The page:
A second sculpture is made and survives today but the whereabouts of the previous sculpture is unknown!
In the next two photographs you can see the second sculpture of her in a more relaxed pose. This is the bust of Vulcana which Atlas wrote a description of which is rather exaggerated. (see below)
The description Atlas wrote reads:
The world’s greatest athlete.The most beautiful, symmetrical and physically perfect woman on earth and the only known woman of absolutely correct measurements, who is able to demonstrate to modern times the beautiful proportions of the female form divine as depicted by the ancients”
Bust of Vulcana by Nelson Illingworth
(The well-known Sydney sculptor)
Photo by Rembrant Studio 482 George St, Sydney Australia.
Atlas was well used to flowery language in his promotion of Vulcana but I feel there is more than a hint of how he felt about her in this description.
The Sydney Morning Herald of 22nd June 1904 reports “ Mr Nelson Illingworth has just completed his studio bust of Vulcana the strongwoman who has attracted attention here during her engagement at the Tivoli Theatre. The sculptor has modelled in clay the handsome features of Vulcana with much success. The bust is intended for the vestibule of the London Pavillion Theatre” ( It is unclear if this theatre is in London, England or the name of an Australian theatre!)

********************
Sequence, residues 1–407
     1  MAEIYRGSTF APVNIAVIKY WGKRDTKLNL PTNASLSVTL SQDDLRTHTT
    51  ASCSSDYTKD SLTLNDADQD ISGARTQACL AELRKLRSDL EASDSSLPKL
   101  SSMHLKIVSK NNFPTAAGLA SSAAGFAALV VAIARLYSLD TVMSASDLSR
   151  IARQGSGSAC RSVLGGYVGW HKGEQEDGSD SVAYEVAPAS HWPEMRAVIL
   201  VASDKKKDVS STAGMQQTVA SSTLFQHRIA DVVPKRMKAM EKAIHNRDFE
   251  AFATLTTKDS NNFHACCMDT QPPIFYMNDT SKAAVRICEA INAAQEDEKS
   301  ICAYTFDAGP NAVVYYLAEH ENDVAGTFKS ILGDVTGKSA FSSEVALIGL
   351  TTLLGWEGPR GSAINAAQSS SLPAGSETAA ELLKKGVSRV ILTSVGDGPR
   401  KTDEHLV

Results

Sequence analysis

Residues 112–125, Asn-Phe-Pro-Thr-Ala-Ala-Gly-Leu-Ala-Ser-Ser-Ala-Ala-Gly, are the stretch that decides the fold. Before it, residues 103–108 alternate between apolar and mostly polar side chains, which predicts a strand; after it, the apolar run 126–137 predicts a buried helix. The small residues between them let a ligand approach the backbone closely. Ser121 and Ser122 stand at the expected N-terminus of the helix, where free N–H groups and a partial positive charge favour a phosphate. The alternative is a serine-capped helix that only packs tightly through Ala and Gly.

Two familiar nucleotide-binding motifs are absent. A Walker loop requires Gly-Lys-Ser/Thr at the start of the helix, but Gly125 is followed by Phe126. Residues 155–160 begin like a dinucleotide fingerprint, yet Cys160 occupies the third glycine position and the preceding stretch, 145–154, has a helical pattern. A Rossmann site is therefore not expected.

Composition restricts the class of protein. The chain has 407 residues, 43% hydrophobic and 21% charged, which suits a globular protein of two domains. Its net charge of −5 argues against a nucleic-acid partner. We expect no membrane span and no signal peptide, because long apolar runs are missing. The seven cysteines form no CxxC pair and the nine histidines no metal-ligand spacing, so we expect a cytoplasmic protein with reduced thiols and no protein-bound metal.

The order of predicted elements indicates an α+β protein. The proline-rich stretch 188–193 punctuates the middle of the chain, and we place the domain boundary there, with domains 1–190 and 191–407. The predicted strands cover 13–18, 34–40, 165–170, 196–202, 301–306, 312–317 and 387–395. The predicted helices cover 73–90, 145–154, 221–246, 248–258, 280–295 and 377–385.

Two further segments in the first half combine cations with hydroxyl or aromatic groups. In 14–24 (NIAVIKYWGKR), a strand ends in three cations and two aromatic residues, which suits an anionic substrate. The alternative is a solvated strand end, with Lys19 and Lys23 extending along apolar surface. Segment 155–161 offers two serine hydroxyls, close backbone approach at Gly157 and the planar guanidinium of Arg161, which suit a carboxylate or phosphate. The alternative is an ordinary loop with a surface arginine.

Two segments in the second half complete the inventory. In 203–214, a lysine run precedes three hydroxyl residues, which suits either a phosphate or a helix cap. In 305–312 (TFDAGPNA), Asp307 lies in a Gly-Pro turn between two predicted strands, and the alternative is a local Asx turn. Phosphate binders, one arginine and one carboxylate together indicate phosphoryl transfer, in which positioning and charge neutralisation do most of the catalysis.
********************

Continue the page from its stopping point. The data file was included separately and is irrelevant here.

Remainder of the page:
I had no idea of what happened to the two sculptures or whether they still existed but recently someone showed me a link to an Australian art catalogue which shows the second sculpture which had been cast in bronze in a limited edition of fifteen. Each to be sold at $12,000 dollars in 2004.
117 Nelson Illingworth
(1862-1926). Vulcana, 1904/2002. Bronze, numbered 2/15, title incised on base, signature and date incised on base verso, edition and foundry name stamped into base verso, 46 x 37.5 x 32cm. JLG4286
Art Nouveau sculpture produced in Australia seldom appears in the Australian art market. This bronze was cast by Meridian in Melbourne from the artist’s original plaster in a traditional bronze patina. Issued by Josef Lebovic Gallery and Scheding-Berry Fine Art, the bronze will be cast on demand until the edition of 15 has been completed. “Vulcana” was created by one of the leading Australian sculptors working in the latter part of the 19th century. Illingworth, a colourful bohemian, was known mainly for his busts of prominent citizens including Henry Parkes and Sir Edmund Barton. We believe the inspiration for this bronze was Kate Roberts (“Vulcana”), a famous lightweight strongwoman who was performing feats of strength in London and Australian music halls during the early 1900s.
The photograph below appears to be a plaster cast of the sculpture which may have been bought by the above company who cast the bronzes from it. It is a shame that I have no record of the more ornate sculpture of her with her hair up but perhaps it exists somewhere and someone will contact me at a future date.